Introduction Of A Digital Competition Act With Ex-Ante Measures: Key Features Of DCB

S.S. Rana & Co. Advocates


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In an era which is dominated by digital innovation and technological advancement, the dynamics of competition in the market place have undergone huge transformation.
India Antitrust/Competition Law
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In an era which is dominated by digital innovation and technological advancement, the dynamics of competition in the market place have undergone huge transformation. As digital platforms continue to shape our economy and society, concerns over unfair practices, competition, and consumer protection have come to the forefront. In response to these challenges the Ministry of Corporate Affairs, established a Committee on Digital Competition Law. The committee has proposed the new digital competition law1 and prescribed ex-ante regulations to pre-emptively regulate potential abuse of dominance and other antitrust issues involving large digital companies.2 It showcases a radical change in the government's approach to govern the digital economy. Unlike the traditional competition law, which primarily relies on ex post framework (approach of punishing behavior after the act) to address the anti-competitive steps after it has taken place, ex-ante measures (proactive step; one that step clear rules of the road upfront) seeks to preemptively tackle potential anti-competitive conduct. This article delves into the key features of the new proposed Digital Competition Bill, 2024.

Key Features of the Digital Competition Bill:

1. Classification of Digital Enterprises: As per the proposed bill, the Competition Commission of India (CCI) shall designate enterprises which have significant presence in "Core Digital Services" (CDS) as "Systemically Significant Digital Enterprises" (SSDEs).

However, there may be cases where various companies within a group are providing CDS, in such a scenario, the committee recommended the following scenario for determination of SSDE's:3

  • In the first scenario, the main enterprise will be designated as SSDE, while the other enterprises providing similar services within the group will be designated as Associate Digital Enterprises (ADEs),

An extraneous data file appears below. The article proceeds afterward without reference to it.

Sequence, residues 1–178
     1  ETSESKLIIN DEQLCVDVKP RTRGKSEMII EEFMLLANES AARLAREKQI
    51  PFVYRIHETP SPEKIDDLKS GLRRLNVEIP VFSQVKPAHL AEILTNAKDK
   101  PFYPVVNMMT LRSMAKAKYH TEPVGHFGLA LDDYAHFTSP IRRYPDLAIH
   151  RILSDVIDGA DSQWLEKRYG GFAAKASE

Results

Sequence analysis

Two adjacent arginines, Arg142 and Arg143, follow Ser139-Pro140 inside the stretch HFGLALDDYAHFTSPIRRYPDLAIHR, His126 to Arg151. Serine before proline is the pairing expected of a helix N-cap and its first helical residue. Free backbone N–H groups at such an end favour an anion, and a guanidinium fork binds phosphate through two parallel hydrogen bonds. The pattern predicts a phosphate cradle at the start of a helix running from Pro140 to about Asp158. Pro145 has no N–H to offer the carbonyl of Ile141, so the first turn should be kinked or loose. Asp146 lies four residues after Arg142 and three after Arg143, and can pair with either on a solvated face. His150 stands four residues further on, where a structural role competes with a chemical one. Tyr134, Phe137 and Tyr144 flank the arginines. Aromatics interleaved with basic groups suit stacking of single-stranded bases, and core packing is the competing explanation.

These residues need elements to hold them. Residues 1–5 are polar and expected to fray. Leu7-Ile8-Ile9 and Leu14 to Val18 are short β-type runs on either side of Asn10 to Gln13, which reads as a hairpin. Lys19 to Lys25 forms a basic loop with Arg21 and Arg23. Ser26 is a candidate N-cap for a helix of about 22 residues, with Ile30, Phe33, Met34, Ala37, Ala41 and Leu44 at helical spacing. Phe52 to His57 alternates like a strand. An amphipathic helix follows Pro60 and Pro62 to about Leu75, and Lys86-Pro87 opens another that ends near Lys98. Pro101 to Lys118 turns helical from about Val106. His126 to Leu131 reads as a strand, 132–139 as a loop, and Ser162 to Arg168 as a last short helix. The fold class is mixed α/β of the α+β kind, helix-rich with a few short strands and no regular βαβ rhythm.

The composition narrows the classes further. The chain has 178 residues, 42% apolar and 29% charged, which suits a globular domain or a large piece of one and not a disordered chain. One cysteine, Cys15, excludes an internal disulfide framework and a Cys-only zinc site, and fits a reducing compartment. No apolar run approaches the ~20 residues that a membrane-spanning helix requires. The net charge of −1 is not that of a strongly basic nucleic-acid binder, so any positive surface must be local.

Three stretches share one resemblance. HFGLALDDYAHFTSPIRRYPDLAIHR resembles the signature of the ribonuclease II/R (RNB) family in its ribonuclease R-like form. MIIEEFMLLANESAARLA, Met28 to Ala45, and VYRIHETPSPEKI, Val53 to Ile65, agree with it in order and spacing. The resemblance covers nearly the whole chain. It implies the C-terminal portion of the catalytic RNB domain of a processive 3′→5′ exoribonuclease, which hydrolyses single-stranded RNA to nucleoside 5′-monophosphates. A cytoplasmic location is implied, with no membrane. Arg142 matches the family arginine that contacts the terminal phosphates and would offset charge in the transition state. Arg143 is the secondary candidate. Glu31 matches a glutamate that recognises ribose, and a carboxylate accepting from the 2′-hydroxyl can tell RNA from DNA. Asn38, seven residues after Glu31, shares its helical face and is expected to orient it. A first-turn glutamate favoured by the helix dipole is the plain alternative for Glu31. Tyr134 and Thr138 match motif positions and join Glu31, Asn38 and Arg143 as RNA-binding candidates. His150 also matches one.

• In the second scenario, a different company within the group involved in providing these services is designated as SSDE. Its holding company and other entities within the group should be designated as ADEs.

2. Illustration: Let's assume a company called ABC Ltd., which owns 2 more companies which are providing CDS (i.e.) ABC Digital Services and ABC Connect, each offering various digital services.

  • First Scenario:
  • In this scenario, the main company, ABC Ltd., is primarily engaged in providing CDS. Therefore, it would be designated as the SSDE. The other enterprises within the group (i.e.) ABC Digital Services and ABC Connect, which provide similar digital services will be designated as ADEs.
  • Second Scenario:
  • Alternatively, if the ABC Digital Services is identified as the primary entity providing CDS within the group, then it would be designated as SSDE. In this case, the holding company, ABC Ltd. and ABC Connect will be designated as ADEs.

These illustrations shows how the proposed framework can be applied to designate SSDEs and ADEs within a group of companies based on their role in providing CDS, ensuring that the obligations and designations are appropriately assigned.

3. No self-preferencing: A SSDE is prohibited from self-preferencing either directly, or indirectly, towards its own product or services, those of its affiliated entities, or those of third parties with whom it has agreements for manufacturing and selling products or providing services, over the products and services offered by third party business users on its platform.